My case against the Parliamentary Budget Office

It is now (as of this week) a matter of public record that I am pursuing a public interest-related labour law case against the Parliamentary Budget Office. The arbitration hearing at the Commission for Conciliation, Mediation and Arbitration (CCMA) began, in fact, on the 19th of September. Unfortunately, no media were present to hear the beginning of the case. That included my introductory statements and extensive arguments on the legislated independence of the Parliamentary Budget Office (PBO) from the Parliament administration, as well as the labour law and public interest aspects of the case (first day), and my testimony under oath (second day).

The matter then continued for a further two days on the 14th and 15th November. This began with my cross-examination by the PBO’s representative, and then continued with my calling of witnesses.

As I indicated in the hearing, I expected that the witnesses I called would be hostile but was guided by a CCMA award in which the commissioner noted that a party cannot fail to subpoena a relevant witness merely because they expect the witness to be hostile “as this can only be determined when the witness is giving testimony”. Unfortunately, despite the apparently hostile statements by witnesses referred to in various of the articles below, not one of the witnesses was declared hostile and I was therefore unable to cross-examine them.

I will refrain from commenting on the substantive details of the case at this stage, though I will certainly do so at some point after it is completed. For now I would just note a few interesting snippets from the articles produced by the Media24 journalist in attendance. (There are some important legal points that were not reported, and some errors in the articles, but I will not comment on those either at this stage).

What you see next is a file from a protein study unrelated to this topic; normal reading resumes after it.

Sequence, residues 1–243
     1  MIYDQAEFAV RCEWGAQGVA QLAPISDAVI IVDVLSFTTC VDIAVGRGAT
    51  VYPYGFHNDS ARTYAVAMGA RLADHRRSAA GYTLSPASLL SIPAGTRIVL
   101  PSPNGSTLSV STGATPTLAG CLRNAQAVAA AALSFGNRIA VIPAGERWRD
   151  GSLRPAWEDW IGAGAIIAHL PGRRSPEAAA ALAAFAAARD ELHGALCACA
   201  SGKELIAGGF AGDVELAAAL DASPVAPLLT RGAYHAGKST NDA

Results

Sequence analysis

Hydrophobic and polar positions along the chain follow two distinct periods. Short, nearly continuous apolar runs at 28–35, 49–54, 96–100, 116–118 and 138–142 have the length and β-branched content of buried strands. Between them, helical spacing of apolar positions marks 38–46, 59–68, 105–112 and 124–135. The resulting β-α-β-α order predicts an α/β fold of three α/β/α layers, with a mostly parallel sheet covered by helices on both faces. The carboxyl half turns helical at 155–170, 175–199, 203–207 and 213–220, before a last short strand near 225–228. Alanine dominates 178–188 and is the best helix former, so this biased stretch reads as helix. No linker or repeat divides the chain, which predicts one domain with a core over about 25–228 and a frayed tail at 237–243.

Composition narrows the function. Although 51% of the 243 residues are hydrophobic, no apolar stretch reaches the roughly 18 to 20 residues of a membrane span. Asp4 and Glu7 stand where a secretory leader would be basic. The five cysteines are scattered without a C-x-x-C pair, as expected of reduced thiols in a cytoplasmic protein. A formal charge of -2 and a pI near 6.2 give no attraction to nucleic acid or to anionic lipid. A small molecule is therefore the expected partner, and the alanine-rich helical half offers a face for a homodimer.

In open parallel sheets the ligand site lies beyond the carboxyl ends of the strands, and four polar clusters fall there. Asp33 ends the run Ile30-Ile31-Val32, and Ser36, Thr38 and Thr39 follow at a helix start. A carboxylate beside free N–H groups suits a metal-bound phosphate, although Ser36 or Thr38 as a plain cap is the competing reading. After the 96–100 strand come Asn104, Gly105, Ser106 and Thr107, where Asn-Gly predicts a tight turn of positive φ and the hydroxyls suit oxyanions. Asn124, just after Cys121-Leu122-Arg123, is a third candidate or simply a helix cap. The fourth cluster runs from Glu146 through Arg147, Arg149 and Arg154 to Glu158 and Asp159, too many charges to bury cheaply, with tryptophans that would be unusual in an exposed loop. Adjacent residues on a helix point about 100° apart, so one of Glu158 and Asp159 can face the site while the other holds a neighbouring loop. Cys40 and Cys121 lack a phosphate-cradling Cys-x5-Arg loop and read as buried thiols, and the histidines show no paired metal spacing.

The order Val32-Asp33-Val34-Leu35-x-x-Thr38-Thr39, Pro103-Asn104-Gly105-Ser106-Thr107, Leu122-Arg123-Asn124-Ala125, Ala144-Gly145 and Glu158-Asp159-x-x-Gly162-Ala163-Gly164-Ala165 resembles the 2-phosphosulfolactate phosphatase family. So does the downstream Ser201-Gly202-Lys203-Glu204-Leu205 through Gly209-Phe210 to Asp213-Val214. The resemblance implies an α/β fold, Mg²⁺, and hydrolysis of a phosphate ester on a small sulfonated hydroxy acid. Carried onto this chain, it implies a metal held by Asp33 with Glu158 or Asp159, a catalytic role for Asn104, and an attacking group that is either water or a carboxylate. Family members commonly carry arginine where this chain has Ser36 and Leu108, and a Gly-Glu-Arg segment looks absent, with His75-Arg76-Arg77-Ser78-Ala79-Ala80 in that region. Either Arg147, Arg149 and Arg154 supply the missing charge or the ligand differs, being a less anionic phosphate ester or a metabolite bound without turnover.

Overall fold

1. Note on media access at the CCMA

Media24 requested access to the hearing. Parliament’s representative objected and I argued in favour. I specifically argued that the recent ruling in the KZN High Court allowing media into the Nkandla disciplinary cases indicated the extent to which public interest must inform such decisions. CCMA arbitration hearings must surely be more open than internal disciplinary hearings. As it transpired, the CCMA takes the view that arbitration hearings are open by default unless there are reasons to decide otherwise.

2. Some of the issues

Muller told the commission that while no one had ever approached him to do academic work, others were asked.

Others in the office were favoured because they had helped do political work, including write speeches, which were not part of the office’s mandate.

He accused the unit’s director, Mohammed Jahed, of instructing staff to do such work and even boasting about it. If Jahed denied it, he would be lying under oath, Muller said.

3. How do emails go missing in an institution like Parliament?

All emails from 2015 had been deleted, she said. This would be because her mailbox was full, she said, as other colleagues could also not find old emails.

She did not know if they were deleted because of Muller’s case, she told CCMA commissioner Madeleine Loyson.

[It was noted in the hearing, however, that Parliament’s email policy states that:

8.5 Storing, archiving and deleting e-mail messages

a) Official email messages must be archived after 30 days of receipt and all other e-mail must be deleted from the inbox/outbox after 24 days of receipt.]

4. What constitutes acceptable assistance to MPs?

Ellse explained that all he had done was give tutelage to some MPs in issues relating to tax and other areas in which he was interested.

He had been asked by the PBO’s director to have a look at questions from Van Rooyen and provide guidance if he had time.

After reading the questions, he said, he had then decided to explain a related concept to Van Rooyen.

5. Is considering the performance of internal candidates unfair when making appointments to senior technical positions in the public service?

Gabier told the commission that including internal candidates’ performance scores would have prejudiced external applicants.

As things stand, the hearing will proceed on the 19th of January 2017. The cross-examination of Ms Gabier will continue, followed by the testimony of the Director of the PBO and his cross-examination.

Author: peripheralecon

Public sector economist, extra-mural academic

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